I did explain some parts of the Agile perspective after I had been to the Agile conference. Some of my experiences also come from the local Agile communities like Agile Skåne, Öredev and my company Jayway. I will mostly relate to the global community here. Read more…

Categories: agile, testing Tags: , ,

Agile testing – Traditional testing perspective

December 19, 2012 9 comments

If you haven’t read my post about bridging communities, please start there.

In many of the places and discussions I have been this year, people have been trying to define what Agile testing really is. And it is quite interesting that even 3 (almost 4) years after THE book on Agile testing came out, people are still trying to define what it is. What has interested me more is the fact that I’ve seen the area evolve in different communities, and that is what I want to share. I will talk about some extremes in communities, so forgive me if I step on toes. I am emphasizing other peoples opinions to make my point. Read more…

Bridging communities

December 17, 2012 9 comments

I love communities, hanging around smart people that have their main interests of which they are really passionate and also often very good at. Personally I prefer blending into different communities, getting some of many different things rather than to delve very deep into something in particular. I think its my curiosity and kind of systems thinking mind that wants to stay up to date with a lot of things. I also like to keep my spectrum broad with regards to the knowledge I take in, and then I can filter the good parts myself. Read more…

Working with expectations – Software quality characteristics game

April 10, 2012 5 comments

When working with our mission of creating an organization wide test strategy I was thinking about quality related problems we have in some projects. I realized that the expected quality is not explicitly stated anywhere. This means neither customer nor development team are aligned about which level of quality is expected to be delivered when done. I needed something to achieve a better awareness of quality requirements and a light weight way of stating them explicitly. Read more…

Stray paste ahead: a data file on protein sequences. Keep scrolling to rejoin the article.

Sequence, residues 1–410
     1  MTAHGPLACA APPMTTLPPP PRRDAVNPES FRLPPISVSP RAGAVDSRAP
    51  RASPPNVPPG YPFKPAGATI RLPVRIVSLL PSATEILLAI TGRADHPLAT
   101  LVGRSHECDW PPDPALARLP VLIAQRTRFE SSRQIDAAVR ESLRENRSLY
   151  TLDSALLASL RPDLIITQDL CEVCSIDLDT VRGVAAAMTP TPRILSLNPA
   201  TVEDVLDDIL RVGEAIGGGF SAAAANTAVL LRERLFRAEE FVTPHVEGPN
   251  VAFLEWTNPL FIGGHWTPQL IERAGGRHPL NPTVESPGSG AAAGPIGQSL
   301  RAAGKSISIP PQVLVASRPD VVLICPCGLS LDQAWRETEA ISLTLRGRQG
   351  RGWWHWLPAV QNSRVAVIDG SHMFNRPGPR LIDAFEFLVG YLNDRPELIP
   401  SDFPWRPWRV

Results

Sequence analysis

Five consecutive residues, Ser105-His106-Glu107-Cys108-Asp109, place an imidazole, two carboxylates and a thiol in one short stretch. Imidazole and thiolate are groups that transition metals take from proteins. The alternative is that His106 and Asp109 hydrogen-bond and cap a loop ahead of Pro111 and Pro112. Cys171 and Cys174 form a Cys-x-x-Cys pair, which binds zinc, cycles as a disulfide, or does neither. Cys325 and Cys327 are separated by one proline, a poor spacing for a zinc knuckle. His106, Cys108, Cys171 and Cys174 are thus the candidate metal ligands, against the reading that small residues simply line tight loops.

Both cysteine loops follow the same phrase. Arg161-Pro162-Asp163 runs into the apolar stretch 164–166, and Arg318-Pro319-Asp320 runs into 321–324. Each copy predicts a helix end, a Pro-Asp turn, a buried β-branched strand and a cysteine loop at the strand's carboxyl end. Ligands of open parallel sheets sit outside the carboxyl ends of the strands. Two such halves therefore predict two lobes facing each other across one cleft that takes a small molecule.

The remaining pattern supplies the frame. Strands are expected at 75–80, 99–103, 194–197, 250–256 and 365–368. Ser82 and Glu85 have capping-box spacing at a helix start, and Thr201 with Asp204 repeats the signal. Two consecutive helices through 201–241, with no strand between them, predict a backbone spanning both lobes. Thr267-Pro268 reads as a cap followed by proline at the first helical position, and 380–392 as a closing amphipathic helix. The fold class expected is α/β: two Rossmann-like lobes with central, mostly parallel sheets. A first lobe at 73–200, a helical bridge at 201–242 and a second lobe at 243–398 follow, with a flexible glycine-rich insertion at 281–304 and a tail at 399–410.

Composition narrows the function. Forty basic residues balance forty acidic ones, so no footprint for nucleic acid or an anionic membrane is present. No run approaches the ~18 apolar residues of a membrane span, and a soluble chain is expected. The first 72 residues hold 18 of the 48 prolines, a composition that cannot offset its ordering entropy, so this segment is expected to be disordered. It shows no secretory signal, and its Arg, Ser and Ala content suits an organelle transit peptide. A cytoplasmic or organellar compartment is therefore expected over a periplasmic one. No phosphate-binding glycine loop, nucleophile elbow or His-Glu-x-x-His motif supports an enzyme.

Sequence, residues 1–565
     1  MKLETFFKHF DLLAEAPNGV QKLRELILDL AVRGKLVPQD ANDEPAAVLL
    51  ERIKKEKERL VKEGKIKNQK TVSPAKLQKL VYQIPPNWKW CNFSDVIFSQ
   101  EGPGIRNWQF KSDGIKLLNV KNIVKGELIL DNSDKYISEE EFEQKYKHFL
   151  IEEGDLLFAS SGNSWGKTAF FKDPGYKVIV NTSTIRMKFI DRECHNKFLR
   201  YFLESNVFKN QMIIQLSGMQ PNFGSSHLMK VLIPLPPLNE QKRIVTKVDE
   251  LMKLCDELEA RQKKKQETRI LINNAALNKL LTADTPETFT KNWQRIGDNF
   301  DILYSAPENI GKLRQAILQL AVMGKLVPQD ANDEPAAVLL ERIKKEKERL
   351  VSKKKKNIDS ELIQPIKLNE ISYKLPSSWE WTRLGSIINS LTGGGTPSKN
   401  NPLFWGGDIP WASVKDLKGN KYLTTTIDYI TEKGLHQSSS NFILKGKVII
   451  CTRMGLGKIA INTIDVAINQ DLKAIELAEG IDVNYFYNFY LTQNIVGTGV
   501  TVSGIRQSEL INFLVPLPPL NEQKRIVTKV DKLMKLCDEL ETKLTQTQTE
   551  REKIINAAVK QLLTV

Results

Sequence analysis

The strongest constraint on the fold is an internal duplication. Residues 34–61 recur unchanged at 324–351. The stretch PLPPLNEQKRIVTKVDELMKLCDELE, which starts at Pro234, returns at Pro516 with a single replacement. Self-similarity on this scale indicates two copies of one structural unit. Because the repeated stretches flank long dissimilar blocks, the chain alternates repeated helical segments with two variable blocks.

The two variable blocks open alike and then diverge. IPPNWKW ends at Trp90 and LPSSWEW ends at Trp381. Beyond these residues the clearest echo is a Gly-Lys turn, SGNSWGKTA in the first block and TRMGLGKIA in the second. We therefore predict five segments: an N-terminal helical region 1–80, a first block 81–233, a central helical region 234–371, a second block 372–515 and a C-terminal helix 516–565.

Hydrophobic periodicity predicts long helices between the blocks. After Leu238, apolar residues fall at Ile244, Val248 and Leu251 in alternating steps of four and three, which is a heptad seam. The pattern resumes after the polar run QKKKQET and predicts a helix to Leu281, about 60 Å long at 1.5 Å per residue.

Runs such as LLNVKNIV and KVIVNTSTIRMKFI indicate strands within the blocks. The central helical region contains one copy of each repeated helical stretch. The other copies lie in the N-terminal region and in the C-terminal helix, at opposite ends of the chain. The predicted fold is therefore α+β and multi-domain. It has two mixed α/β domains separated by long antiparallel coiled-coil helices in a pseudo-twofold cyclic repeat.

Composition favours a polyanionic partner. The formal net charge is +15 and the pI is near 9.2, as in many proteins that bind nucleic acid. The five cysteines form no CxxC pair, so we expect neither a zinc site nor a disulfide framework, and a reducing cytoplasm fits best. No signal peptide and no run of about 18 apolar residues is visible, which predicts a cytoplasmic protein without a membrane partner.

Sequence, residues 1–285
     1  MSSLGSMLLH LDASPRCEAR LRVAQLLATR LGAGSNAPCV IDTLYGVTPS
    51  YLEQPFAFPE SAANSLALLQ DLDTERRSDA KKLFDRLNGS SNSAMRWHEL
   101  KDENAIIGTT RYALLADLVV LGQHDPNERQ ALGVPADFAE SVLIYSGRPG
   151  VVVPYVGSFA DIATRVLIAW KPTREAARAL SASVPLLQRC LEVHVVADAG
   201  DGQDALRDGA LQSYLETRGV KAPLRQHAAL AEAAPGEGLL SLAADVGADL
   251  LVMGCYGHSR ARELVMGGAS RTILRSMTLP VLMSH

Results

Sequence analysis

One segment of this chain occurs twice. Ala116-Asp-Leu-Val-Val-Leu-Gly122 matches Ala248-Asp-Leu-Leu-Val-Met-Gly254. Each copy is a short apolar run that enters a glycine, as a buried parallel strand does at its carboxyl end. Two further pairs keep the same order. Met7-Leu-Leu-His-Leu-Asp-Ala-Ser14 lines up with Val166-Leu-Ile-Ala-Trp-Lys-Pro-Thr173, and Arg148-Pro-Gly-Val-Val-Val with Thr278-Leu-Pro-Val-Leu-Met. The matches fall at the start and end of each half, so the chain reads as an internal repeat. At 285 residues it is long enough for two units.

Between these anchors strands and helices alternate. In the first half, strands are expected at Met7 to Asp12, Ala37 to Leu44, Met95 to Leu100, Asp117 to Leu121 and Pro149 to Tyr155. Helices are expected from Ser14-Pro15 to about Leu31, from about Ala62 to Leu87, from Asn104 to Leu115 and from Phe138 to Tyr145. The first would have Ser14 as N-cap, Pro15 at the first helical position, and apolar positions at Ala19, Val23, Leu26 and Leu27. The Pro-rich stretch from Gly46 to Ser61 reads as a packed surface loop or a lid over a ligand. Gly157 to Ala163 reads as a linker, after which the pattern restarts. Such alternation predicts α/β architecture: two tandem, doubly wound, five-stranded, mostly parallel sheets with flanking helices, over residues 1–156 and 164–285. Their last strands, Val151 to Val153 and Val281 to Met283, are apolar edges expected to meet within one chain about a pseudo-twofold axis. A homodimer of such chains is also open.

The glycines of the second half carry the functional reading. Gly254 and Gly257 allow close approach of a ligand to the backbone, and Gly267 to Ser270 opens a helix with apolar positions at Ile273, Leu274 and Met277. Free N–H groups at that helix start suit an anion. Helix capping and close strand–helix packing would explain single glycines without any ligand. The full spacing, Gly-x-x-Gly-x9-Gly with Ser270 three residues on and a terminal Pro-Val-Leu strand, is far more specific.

Elaborating on DET – ETDD evolving?

January 5, 2012 11 comments

I got some positive response about DET that I wrote on my blog and in my CAST session proposal, so I thought I would elaborate a little on where I think this could be going. I will probably cover more hands on aspects in the coming weeks, but I really want to explain a vision I have around it first.

How about including the business stakeholders?

In my current project, I started to involve our main business stakeholders in our test sessions from the start when I got involved. And they have gotten really excited about attending once a week. Read more…

Organization wide test strategy – Step1 – Deriving our quality values

December 1, 2011 Leave a comment

This post is originally posted on our company blog, any feedback is greatly appreciated.

Our company has moved more from delivering individual consultant services to taking whole in-house product commitments delivered as a service to our customers. During the last months we have also been in a process of re-evaluating the core company values. Through this values work it has been clear that we want to feel proud about the quality delivered to our customers.

The transition in itself has evolved in a good agile manner, where a bigger quality initiative was a natural step forward. My first task was to investigate the current (not explicitly stated) quality values and propose an organization wide quality vision which has been lacking. This post will explain what I have done so far and the further work on it. The further work consists of defining models and activities to use in an implementation of our values.

Since quality covers many aspects of software development, it was clear at an early stage that our present status was not always that the product itself was of bad quality. Sometimes the development team think the quality is bad but the customer is happy, and sometimes the other way around. It actually goes down to managing the expectations of all stakeholders (team, customers, end users etc) and maximize the perceived quality accordingly.

Read more…